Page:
How to stay well in winter

Now more than ever before, we should be focused on looking after ourselves and those around us. However, it’s important to remember that you can’t pour from an empty cup and so to take care of those around you, you first need to take care of yourself.

Forming wholesome and positive routines firstly at home and then also in your place of work (if applicable), creates a ripple effect throughout all areas of your life.  Routine is known to anchor us which means we are better able to cope during unknown and unpredictable periods of time. It also allows us to better deal with stressful situations because we are more likely to feel in control of other areas of our lives.

Some key areas of our lives that benefit greatly from routine and structure are:

  • Nutrition
  • Movement
  • Sleep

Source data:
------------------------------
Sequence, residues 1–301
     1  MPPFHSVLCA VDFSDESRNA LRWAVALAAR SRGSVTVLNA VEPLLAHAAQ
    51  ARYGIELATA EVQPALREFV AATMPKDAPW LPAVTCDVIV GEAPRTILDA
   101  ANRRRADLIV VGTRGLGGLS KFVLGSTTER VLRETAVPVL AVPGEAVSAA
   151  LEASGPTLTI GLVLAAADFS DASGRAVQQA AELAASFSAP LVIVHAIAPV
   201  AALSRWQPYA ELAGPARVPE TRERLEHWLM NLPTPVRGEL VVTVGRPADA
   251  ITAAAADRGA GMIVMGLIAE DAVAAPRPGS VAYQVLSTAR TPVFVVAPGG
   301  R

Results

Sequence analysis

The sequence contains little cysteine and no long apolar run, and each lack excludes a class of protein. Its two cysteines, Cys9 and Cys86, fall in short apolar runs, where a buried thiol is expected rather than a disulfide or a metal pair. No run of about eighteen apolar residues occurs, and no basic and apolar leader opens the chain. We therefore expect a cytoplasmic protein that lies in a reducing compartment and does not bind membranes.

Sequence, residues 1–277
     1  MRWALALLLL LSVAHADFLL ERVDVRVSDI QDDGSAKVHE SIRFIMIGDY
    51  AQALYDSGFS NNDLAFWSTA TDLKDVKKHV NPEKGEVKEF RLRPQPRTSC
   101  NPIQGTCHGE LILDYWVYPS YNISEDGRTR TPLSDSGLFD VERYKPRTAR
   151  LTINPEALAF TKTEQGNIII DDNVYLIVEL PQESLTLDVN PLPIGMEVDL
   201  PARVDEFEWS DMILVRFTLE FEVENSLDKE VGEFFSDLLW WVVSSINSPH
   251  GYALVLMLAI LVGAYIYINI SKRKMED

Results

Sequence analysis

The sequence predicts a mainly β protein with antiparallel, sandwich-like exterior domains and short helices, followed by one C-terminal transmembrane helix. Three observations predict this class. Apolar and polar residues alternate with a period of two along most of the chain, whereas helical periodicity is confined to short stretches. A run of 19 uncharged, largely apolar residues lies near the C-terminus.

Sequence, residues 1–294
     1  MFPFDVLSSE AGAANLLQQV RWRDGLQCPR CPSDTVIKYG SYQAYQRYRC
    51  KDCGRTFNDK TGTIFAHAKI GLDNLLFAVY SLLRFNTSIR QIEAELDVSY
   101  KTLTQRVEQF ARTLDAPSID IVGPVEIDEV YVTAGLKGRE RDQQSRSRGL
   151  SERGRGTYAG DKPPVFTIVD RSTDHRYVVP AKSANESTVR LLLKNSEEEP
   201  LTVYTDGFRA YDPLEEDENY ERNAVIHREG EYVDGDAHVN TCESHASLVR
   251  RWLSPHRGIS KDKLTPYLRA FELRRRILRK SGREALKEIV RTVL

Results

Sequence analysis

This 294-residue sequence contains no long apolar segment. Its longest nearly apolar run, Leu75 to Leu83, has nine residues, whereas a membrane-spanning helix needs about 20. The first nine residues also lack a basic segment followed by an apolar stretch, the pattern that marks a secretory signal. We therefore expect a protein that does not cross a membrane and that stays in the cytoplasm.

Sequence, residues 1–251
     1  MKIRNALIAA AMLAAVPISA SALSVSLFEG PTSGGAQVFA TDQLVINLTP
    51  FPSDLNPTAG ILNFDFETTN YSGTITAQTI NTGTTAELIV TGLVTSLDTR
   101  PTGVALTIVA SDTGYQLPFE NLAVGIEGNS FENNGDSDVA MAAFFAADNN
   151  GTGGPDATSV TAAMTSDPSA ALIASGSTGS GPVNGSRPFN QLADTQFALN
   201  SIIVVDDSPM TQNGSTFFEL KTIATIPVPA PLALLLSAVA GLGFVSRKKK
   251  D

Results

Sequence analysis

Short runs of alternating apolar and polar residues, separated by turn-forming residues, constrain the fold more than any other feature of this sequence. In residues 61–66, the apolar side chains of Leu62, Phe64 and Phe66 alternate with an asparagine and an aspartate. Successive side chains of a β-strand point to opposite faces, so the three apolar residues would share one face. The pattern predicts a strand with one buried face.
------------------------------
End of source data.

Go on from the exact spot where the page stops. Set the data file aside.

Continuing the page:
In terms of nutrition and what you fuel your body with, it’s what you do day in and day out that impacts on your health the most. A wonderful little routine to put in place is to begin your day with a nutrient-dense breakfast. After a night of rest, your body has used stored energy to keep you alive overnight undertaking vital bodily processes that we don’t even think twice about. Enjoying a wholesome breakfast kick starts your metabolism for the day, provides vital nutrients for energy and mental clarity and offers valuable fibre to support digestive health. During Winter we often crave hearty foods that warm us from the inside out and a bowl of morning porridge is both a delicious and nutritious way to start your day. Porridge is a wonderful source of fibre and slow-release carbohydrates while adding seasonal fruit provides immunity boosting nutrients such as vitamin C to help protect against colds and flu. Adding some nuts or seeds provides essential protein which helps to keep you feeling fuelled and satisfied while the wholesome fats they contain supports a healthy functioning brain. Not to mention cooking the oats in quality milk and/or topping it with yoghurt, provides a rich source of both protein and calcium, the latter being extremely important for the strength of our bones.  Try the Porridge with Stewed Seasonal Fruit + Walnuts below for the ultimate breakfast! This nutrient-dense breakfast is wonderful source of protein, calcium and fibre.